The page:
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ITAT quashes taxing Swiss a/c funds in hands of NRI

Mumbai, May 20, 2023

In a relief to Amrita Jhaveri, considered to be a leading authority on Indian painters and a well-known art dealer, the income-tax appellate tribunal (ITAT) quashed the reopening of her case for two financial years (2005-06 and 2006-07) and addition of an income of Rs 2.3 crore, the rupee equivalent of the balances appearing in HSBC bank accounts in Geneva.

Cases can be reopened within 16 years from the end of the relevant assessment year, if the income in relation to an overseas asset has escaped tax in India.

Based on 'legal technicalities' and without going into 'the merits of the case', the tax tribunal held that I-T can't reopen case of a non-resident under the Income tax Act, based on vague and general information.

She has kept her Indian passport and is married to a British citizen and settled in London. As per I-T Act, she is a non-resident, meaning her overseas income can't be taxed in India. She is engaged in buying and selling art. She has been earning income by way of consultancy and commission.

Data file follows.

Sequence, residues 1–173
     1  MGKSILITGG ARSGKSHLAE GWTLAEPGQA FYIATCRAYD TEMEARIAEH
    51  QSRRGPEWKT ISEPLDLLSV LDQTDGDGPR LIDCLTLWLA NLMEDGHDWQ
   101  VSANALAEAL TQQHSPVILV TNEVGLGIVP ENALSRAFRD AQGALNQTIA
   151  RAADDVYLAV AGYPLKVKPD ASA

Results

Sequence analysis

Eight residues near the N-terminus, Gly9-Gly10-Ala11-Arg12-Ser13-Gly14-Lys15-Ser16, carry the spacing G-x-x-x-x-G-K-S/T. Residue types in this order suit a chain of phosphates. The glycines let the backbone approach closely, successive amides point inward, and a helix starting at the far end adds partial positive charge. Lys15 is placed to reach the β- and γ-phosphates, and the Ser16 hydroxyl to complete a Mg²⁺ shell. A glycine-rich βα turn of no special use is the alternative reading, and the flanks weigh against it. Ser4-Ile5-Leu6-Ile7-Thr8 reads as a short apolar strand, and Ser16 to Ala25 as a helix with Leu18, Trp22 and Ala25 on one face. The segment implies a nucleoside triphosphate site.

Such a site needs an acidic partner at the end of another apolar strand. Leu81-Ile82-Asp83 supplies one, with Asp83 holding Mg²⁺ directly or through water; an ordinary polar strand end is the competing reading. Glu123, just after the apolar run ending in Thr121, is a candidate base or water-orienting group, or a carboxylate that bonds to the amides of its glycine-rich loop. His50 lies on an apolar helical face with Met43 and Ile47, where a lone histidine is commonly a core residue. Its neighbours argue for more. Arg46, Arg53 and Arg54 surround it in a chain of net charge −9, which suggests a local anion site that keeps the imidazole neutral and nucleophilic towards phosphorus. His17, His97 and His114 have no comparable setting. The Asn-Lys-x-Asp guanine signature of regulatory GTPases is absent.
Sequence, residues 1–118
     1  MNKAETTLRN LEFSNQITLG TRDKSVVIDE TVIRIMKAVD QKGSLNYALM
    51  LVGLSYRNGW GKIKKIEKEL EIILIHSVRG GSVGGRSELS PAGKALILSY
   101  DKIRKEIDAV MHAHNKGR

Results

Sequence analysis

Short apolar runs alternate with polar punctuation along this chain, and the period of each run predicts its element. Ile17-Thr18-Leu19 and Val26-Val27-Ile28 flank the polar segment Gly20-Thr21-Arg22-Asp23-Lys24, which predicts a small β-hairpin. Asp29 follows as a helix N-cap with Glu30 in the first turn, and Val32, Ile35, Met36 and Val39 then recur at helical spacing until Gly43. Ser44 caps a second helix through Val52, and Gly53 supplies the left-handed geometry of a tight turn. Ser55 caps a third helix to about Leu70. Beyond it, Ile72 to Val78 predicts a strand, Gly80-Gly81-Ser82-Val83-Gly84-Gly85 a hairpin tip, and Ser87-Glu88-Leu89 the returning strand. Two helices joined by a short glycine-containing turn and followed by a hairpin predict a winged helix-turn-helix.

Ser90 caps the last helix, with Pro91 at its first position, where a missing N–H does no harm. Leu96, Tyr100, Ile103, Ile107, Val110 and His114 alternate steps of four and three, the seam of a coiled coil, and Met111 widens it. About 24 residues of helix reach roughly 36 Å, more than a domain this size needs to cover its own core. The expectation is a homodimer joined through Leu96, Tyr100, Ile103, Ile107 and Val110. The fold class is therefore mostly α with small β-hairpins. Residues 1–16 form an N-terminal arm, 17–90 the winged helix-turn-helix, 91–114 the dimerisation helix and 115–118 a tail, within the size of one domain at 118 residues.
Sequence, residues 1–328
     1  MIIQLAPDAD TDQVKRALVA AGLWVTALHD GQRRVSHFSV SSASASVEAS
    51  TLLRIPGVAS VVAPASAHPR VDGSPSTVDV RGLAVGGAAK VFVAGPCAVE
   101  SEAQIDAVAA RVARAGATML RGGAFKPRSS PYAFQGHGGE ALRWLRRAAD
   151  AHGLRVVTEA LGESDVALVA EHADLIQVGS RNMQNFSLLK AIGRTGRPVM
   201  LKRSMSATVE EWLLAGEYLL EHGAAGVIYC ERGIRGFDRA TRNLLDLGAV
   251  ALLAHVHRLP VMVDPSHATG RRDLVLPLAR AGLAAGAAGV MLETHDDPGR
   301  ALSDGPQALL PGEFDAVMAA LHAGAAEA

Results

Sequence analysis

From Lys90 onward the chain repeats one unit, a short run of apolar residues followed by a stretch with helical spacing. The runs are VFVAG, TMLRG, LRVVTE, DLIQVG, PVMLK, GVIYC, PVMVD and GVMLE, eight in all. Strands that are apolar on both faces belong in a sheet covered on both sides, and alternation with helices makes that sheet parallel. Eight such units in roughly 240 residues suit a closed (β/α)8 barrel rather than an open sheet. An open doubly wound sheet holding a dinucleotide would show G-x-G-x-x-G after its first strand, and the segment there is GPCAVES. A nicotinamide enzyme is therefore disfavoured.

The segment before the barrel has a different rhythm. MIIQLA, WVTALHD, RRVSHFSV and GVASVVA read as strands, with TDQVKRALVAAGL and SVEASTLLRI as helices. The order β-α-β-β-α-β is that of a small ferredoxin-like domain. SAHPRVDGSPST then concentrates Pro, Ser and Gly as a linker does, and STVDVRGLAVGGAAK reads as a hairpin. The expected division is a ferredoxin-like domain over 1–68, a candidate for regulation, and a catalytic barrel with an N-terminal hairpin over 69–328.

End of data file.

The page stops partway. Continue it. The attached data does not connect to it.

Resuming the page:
The Swiss bank details were found as the French government shared details via 'base notes' after a massive leakage by a HSBC Geneva employee-turned-whistle-blower. In Jhaveri's case, I-T sleuths gathered from a 'base note' that she was the sole beneficial owner of accounts held in name of Amaya Limited, a firm registered in tax haven of Seychelles. She was the only shareholder, beneficiary and director of this firm. She said ince she is a non-resident, holding of an overseas bank account should be of no consequence as income accruing or arising outside India is not subject to Indian income-tax in the hands of a non-resident.

[The Times of India]

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